There are a few reasons why you might want to dive in American Samoa: it has no fewer than six marine sanctuaries, it’s remote – but not that remote, and it has the BIGGEST CORALS IN THE WORLD!
American Samoa is an area of outstanding natural beauty, with a 3,000 year old Polynesian culture, yet the currency is the US$, English is the first language and it’s closer than the Cook Islands!
Tutuila, the main island lies a little further east of Samoa, less than an hour’s flying time. It offers a variety of dive sites from shallow bays laden with healthy reef ecosystems, to reef walls that fall away to unfathomable depths. It is home to three marine sanctuaries. The longest established is Fagatele Bay, which has been a no-take area since 1986.
All the coral is in impeccable condition, like grandma’s fine bone china, not a breakage, chip or scratch. Large numbers of reef fish keep the corals clean of algae, and hence healthy – an ecosystem in perfect balance. Over the years, over 270 species of fish and over 150 species of coral, have been counted in the one bay.
The next bay over: Fagalua / Fogama’a which allows only for subsidence fishing by local villagers, is likewise home to pristine coral crowns and a myriad of reef fish.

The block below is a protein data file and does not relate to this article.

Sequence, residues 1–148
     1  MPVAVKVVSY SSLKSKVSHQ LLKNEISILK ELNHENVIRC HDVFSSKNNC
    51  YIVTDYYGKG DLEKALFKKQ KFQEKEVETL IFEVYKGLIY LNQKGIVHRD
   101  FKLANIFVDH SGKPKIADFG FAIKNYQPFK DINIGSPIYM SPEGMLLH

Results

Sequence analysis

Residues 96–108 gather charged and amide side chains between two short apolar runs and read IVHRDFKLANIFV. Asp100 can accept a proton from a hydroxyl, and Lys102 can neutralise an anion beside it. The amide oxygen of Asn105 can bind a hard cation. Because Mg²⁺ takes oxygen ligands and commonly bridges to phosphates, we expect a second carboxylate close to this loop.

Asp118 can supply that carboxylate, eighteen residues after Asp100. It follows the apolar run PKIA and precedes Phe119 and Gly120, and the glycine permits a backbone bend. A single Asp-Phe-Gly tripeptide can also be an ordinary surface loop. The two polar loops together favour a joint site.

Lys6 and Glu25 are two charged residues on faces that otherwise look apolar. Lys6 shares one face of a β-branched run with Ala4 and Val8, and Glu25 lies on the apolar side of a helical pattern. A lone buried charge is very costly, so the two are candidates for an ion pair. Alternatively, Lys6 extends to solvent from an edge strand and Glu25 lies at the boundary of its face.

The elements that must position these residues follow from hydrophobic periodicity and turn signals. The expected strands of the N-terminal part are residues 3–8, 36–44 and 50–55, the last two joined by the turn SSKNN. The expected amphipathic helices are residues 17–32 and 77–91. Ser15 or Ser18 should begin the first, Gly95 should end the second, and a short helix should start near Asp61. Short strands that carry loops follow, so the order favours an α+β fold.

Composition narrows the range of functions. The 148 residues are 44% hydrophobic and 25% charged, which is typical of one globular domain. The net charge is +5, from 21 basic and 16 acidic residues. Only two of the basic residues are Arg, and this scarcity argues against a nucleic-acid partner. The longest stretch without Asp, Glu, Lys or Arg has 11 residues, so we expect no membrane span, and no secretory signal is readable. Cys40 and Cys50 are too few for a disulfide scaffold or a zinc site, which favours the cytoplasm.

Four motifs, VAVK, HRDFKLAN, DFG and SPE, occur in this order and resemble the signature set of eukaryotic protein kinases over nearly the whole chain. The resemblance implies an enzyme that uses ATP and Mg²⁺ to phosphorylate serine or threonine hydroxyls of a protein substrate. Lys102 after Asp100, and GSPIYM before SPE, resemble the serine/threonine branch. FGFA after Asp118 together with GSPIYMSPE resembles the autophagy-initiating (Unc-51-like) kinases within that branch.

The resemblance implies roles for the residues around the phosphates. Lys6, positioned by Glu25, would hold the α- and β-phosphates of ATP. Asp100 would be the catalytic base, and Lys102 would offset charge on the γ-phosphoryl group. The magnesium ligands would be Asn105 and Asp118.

There is also a Marine Protected Area (MPA) on nearby Aunu’u – a beautiful island, just a mile across and a 20 minute ferry ride from the south eastern tip of Tutuila. The MPA here is zoned into a multi-purpose zone and a research only zone. This kind of sanctuary is important because it provides a baseline of what a coral reef, removing all the influence of mankind, should look and be like. A yardstick, if you will, to measure how badly other reefs which are subject to urban run-off, overfishing and pollution, are faring.
All the Marine Sanctuaries on Tutuila can be scuba dived, either from the shore or from a charter boat. There are also many other sites around Tutuila, where you can shore dive: simply swim across the shallow fringing lagoon, to the reef edge beyond.
It is on the nearby island of Ta’u that the world’s largest corals have been discovered. Standing some 7 m and 8 m wide these large boulder corals, are thought to be some +500 years old. Here’s a short video shot by the Catlin Seaview Survey.
The marine park can be dived by recreational divers on a day’s boat trip from Tutuila.